He’s back; IAM’s Heinrich Haussler was ‘quiet’ last year but in January he grabbed the first major result of 2015; the Australian Elite Road Race Championship.
Haussler rides for Australia now but moved to Germany in 1998 at 14 and rode Stagiaire for T-Mobile in 2004.
Signing for Gerolsteiner for 2005 he made a brilliant debut with a Vuelta stage win – he would stay with the mineral water company’s team until the end of 2008
The 2006 season saw the success continue with five wins – two stages in the Vuelta a Murcia, one in the Rheinland-Pfalz and two in the Franco Belge.
A stage win in the Dauphine was the better of two wins in 2007 with 2008 producing a solitary victory – a stage in the Bayern Rundfahrt.
The move to Cervélo Test Team produced his wonderful 2009 season – with eight UCI wins, including a stage in the Tour de France.
But perhaps more importantly there was a brace of second places in two of the world’s greatest races; Milan-Sanremo and The Tour of Flanders.
It looked as if 2010 would see the slim man from Inverell in New South Wales with the German father and Australian mother join the Elite.
But despite a fine second to Juan Antonio Flecha in Het Nieuwsblad, the early season didn’t sparkle like the previous year did.
And just as form did arrive – with a stage win in the Tour de Suisse – there was a high speed crash in the same race which ruined his season and caused on-going problems which would plague the next two seasons.
The Cervélo merger with Garmin in 2011 didn’t bear fruit for the Australian; joining an established team with numerous ‘Capi’ and a different approach to racing from Cervélo, the marriage never bore fruit.
Albeit Haussler won four races in 2011 and had strong placings in quality races like Het Nieuwsblad, Hamburg and Plouay.
Season 2012 wasn’t vintage despite a highly encouraging 4th in Het Niewsblad to kick things off.
For 2013 the 29 year-old decided to go back to the drawing board; train using the methods which worked so well for 2009 and join a team where the ratio of chiefs to Indians suited his perception of how a team should be built.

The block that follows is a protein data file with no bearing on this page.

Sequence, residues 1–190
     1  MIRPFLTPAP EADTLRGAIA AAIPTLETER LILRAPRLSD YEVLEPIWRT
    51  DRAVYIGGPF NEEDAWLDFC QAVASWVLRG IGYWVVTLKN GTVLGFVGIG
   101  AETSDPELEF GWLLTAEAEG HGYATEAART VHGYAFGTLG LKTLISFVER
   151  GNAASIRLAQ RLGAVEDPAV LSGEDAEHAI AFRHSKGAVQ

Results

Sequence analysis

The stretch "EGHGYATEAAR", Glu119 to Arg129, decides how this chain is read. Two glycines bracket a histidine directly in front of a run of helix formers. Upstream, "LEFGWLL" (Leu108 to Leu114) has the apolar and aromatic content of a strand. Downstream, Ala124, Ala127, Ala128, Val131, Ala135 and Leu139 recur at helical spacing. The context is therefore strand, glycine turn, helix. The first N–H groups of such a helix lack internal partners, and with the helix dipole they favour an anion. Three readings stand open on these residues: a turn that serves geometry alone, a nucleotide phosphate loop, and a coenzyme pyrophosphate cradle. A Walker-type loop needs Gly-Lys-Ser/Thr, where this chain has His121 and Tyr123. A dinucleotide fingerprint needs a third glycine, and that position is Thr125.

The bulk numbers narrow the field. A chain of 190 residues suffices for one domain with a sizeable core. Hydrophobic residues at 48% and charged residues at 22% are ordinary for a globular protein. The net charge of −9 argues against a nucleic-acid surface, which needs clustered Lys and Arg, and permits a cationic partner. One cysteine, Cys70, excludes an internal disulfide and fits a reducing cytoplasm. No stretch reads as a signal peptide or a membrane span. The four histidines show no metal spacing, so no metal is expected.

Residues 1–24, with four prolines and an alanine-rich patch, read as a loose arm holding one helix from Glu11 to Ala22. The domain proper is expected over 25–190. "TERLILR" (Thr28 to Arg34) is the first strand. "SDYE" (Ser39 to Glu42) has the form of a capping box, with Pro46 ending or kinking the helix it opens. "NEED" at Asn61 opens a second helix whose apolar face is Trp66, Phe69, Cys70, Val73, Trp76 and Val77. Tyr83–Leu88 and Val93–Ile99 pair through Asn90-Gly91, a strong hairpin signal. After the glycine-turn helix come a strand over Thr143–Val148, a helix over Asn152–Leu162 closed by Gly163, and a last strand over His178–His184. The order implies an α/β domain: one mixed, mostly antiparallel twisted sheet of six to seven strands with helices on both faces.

The surprise for observers came in the team he chose – the then new Swiss Pro Continental squad, IAM.
His Classics campaign was rock solid; 13th in the Primavera, 11th in the E3, 4th in Gent-Wevelgem, 6th in the Ronde and 11th in Paris-Roubaix.
Last season was compromised by illness but he finished it on the ‘up’ with 3rd in the tough GP Isbergues and 5th in the Paris-Tours.
IAM stepped up to Pro Tour status for 2015 and this season could hardly have started on a higher note for HH, with a win in the Australian Elite Road Race Championship – never an easy race to win given the number of Aussies in the Pro Tour and the high standard of their domestic racing.
He followed his win up with a whole host of top ten stage placings in the Tour Down Under and in the Tour of Qatar.
With just days to go before the Primavera, Haussler took time to speak to VeloVeritas from his home in Germany about his Championship win and the upcoming Classics season.
Thank you for speaking to us, Heinrich – were the Nationals a big goal or did it ‘just happen?’
“No, the Nationals were definitely a big goal, something I targeted.
“To be competitive you have to go out there early to train in the heat – and that’s what I did.”
Caleb Ewan who you beat in to second is a quick boy…
“Yeah, I knew that when the sprint started I had to be on his wheel – not him on my wheel.
“It worked out perfectly, the whole day was like that, everything just fell into place – perfect!”
What about your chain coming off as you crossed the line?